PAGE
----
You may have noticed a trend lately encouraging patients to try physical therapy first for pain – as opposed to prescription drugs.
October is National Physical Therapy Month, and the focus this year is on the American Physical Therapy Association’s national public awareness campaign to let consumers know about the risks of opioid use and that physical therapy is a safe, nonopioid alternative for managing pain.
J. Blake Wagner, director of Arkansas Specialty Orthopaedic’s North Physical Therapy Clinic in Sherwood, says, “I have seen opioid prescription and dependency increase over the years. It is starting to turn around with recent changes in prescribing guidelines and education.”
Since its inception in 1992, National Physical Therapy Month has provided an annual opportunity to recognize and celebrate the transformative power of physical therapy.
Your physical therapist will examine you and develop a plan of care using a variety of treatment techniques that help you move, reduce pain, restore function and prevent disability. Your physical therapist can also help you prevent loss of mobility and motion by developing a fitness- and wellness-oriented program tailored to your specific needs.
“Anyone with musculoskeletal issues or pains with movement are appropriate for therapy,” says Wagner. “The physical therapists at Arkansas Specialty Orthopaedics see primarily orthopaedic patients with issues of the joints or muscles anywhere from the neck to the toes.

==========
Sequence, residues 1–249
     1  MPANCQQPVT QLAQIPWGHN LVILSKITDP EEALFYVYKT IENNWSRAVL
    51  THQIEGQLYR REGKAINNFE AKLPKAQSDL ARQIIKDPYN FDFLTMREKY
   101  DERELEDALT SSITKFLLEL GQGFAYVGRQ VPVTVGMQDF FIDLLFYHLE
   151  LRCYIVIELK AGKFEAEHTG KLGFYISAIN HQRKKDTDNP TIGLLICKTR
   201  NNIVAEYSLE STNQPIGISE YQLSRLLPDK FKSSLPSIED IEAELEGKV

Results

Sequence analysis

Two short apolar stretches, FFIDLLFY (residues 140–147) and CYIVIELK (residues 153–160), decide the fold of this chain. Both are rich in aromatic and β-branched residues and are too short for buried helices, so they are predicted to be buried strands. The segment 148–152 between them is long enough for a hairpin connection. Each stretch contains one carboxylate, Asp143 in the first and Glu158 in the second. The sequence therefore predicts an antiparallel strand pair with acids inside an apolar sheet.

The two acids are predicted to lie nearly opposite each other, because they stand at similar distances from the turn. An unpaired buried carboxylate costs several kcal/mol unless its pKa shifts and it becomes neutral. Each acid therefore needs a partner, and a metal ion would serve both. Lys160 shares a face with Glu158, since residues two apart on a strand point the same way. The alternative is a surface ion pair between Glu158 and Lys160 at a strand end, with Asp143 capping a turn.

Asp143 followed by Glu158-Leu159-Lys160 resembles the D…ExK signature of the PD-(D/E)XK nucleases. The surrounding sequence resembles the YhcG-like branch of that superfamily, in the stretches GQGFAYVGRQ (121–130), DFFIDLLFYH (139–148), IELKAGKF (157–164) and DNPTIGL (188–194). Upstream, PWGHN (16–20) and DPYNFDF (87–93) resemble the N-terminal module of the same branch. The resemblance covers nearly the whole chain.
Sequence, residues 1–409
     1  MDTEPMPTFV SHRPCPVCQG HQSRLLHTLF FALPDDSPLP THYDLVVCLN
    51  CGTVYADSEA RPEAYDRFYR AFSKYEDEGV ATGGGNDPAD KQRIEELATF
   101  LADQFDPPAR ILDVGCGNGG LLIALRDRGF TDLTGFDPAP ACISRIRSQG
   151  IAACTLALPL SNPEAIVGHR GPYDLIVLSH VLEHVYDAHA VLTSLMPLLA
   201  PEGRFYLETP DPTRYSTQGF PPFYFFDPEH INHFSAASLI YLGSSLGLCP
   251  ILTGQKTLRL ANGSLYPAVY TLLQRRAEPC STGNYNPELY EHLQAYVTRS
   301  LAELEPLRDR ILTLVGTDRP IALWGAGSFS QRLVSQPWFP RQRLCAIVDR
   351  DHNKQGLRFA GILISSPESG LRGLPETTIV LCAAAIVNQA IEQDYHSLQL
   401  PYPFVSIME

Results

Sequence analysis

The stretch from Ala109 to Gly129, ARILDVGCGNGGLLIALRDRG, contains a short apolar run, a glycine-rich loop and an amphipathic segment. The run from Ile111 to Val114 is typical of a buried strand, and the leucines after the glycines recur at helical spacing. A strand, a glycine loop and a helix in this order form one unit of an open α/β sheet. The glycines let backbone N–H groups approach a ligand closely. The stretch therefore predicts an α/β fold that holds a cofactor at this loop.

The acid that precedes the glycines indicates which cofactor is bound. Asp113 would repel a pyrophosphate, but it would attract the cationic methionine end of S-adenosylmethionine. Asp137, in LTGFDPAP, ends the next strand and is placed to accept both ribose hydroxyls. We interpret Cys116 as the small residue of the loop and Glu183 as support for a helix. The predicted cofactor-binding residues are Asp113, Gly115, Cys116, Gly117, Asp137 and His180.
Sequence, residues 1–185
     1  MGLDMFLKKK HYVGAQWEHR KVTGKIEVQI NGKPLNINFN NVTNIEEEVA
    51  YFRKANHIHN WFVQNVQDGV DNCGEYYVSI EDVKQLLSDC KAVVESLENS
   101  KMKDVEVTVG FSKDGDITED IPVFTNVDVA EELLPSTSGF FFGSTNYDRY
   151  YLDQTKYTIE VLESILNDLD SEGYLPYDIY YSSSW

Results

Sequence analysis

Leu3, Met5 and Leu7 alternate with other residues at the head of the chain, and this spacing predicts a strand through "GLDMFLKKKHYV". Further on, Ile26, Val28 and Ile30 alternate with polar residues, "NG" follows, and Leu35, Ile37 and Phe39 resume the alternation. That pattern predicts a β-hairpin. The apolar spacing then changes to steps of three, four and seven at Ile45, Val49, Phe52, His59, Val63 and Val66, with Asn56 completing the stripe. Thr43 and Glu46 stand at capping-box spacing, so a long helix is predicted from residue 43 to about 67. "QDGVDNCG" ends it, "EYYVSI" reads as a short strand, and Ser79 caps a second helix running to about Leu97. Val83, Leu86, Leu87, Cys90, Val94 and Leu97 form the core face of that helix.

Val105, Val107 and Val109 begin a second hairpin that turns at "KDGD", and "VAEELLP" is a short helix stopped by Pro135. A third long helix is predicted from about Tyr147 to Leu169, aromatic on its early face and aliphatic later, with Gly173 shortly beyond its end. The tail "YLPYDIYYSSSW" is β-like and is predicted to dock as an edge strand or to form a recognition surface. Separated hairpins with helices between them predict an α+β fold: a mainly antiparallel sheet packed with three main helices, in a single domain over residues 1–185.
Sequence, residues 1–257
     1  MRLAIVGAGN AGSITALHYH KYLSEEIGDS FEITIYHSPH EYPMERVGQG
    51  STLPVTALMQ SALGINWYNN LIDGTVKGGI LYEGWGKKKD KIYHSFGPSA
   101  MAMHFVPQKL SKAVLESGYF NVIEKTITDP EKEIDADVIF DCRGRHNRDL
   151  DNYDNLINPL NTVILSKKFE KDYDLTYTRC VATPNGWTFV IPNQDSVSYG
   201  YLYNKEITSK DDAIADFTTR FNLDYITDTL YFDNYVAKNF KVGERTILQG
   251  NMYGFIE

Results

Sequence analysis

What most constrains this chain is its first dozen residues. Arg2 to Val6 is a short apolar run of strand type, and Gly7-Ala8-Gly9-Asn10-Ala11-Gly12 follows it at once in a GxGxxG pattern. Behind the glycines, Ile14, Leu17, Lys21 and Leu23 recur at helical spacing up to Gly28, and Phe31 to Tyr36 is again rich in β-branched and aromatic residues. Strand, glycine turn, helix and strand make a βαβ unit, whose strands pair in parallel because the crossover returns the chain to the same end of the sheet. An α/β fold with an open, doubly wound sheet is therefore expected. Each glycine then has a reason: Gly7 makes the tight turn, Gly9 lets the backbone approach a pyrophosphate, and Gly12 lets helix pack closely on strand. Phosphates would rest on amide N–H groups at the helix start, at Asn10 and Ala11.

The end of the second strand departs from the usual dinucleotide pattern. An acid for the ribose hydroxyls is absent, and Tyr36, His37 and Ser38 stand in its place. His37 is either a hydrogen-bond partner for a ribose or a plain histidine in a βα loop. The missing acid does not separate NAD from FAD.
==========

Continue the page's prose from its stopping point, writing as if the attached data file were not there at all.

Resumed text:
“Physical therapy is beneficial to address mobility impairments, strength deficits, gait abnormalities, pain control and functional deficits,” he adds. “Physical therapists have specialized training and education to identify abnormal movement patterns and weakness that can predispose a person to injury, in addition to facilitating a patient’s recovery with a structured rehabilitation program.
“Physical therapy offers methods for pain control without medication using various modalities and manual techniques to improve the patient’s quality of life.”
In addition to the Sherwood clinic, Arkansas Specialty Orthopaedics also offers physical therapy through its main Little Rock office. If you are interested in learning more, call (501) 225-0181.